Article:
HINKLE, Ga. — A tornado-damaged former slaughterhouse with a "blood pond" in the backyard might not sound like everyone's dream property.
But Lula Lake Land Trust officials are excited to acquire nine acres around the Rock Creek Sausage Co. at 275 Rock Creek Road in Hinkle, a neighborhood in unincorporated Walker County, Ga.
"We can eventually make it a park," said Bobby Davenport, a founding trustee of the land trust, which has protected some 4,000 acres in the Rock Creek watershed. "We have no immediate plans for it, other than to try to figure out how to clean up the hundreds of trees that were laid low by the tornado."
The plant was demolished on April 27, 2011, when monster tornados tore through the area, Davenport said.
"The sausage plant has been there forever," he said. "If you grew a cow or a steer or two on your property, you could take it there and they'd slaughter it for you."
Blood flowed into a settling pond, or blood pond, behind the plant, he said.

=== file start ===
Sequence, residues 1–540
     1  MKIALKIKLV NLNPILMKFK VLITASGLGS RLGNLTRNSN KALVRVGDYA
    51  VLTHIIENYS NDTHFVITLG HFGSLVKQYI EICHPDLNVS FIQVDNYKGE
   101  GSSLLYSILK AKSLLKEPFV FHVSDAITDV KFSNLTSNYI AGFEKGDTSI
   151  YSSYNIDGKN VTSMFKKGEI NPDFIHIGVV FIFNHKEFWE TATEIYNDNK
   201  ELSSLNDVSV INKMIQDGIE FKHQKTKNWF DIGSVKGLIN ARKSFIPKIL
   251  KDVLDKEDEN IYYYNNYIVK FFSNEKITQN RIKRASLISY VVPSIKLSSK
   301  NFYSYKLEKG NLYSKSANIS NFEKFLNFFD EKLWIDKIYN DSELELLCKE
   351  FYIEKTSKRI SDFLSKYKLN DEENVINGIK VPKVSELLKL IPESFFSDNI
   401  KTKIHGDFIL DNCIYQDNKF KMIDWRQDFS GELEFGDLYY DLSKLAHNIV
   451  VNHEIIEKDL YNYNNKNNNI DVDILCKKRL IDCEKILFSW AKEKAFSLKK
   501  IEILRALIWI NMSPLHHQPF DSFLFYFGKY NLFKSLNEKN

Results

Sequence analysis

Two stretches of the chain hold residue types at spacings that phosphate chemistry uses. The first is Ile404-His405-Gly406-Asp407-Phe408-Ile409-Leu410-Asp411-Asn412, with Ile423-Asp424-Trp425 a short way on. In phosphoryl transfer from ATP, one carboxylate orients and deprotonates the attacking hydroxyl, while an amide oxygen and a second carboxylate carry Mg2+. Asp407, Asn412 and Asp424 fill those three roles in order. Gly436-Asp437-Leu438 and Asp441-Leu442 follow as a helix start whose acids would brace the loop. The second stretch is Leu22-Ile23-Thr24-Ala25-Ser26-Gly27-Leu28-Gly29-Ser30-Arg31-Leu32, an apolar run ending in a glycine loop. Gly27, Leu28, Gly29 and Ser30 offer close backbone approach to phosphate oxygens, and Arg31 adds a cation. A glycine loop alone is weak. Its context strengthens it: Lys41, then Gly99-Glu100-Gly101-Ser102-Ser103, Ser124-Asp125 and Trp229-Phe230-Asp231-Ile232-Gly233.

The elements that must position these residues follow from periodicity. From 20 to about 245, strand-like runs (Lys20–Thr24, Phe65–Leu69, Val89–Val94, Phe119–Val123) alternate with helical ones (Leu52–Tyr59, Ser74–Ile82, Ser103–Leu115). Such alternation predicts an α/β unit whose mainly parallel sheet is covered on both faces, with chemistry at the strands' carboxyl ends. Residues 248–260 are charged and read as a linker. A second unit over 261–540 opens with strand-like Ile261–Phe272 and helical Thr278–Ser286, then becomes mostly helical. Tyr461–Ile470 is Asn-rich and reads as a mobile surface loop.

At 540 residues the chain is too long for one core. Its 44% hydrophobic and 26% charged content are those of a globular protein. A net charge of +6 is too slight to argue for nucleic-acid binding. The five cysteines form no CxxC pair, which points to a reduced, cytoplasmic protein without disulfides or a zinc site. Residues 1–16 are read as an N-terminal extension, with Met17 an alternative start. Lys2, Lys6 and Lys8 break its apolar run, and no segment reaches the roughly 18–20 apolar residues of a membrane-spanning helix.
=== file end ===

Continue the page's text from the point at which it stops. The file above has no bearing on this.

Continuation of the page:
"That all predates environmental regulations and sewer lines," Davenport said.
The sausage plant had closed about a decade before the tornado hit, he said. According to The Associated Press, the company had plans in 1987 to make and market water buffalo sausage.
The land trust is buying the 4.5-acre sausage plant property and an adjoining 4.3-acre parcel that's bank-owned. Combined, the nine acres has between a quarter-mile and a half-mile of Rock Creek frontage.
"It's part of the mission of Lula Lake to protect land in the watershed," said Tricia King, the land trust's new development director.
The Lookout Mountain Mercy Fund, which was established after of the tornado to assist with cleanup and recovery efforts for uninsured families, is paying to have the sausage plant knocked down, Davenport said. Cecil Gravitt Construction Co. was using heavy equipment Wednesday afternoon to tear down the cement-block building.
Dump trucks from Walker County were due on site today to haul the debris away to the county landfill on Marbletop Road.
"The people that live up there have wanted it done for quite some time," County Coordinator David Ashburn said.
Grant money will fund the county's portion of the cleanup, Ashburn said.
Tim Omarzu covers education for the Times Free Press. Omarzu is a longtime journalist who has worked as a reporter and editor at daily and weekly newspapers in Michigan, Nevada and California.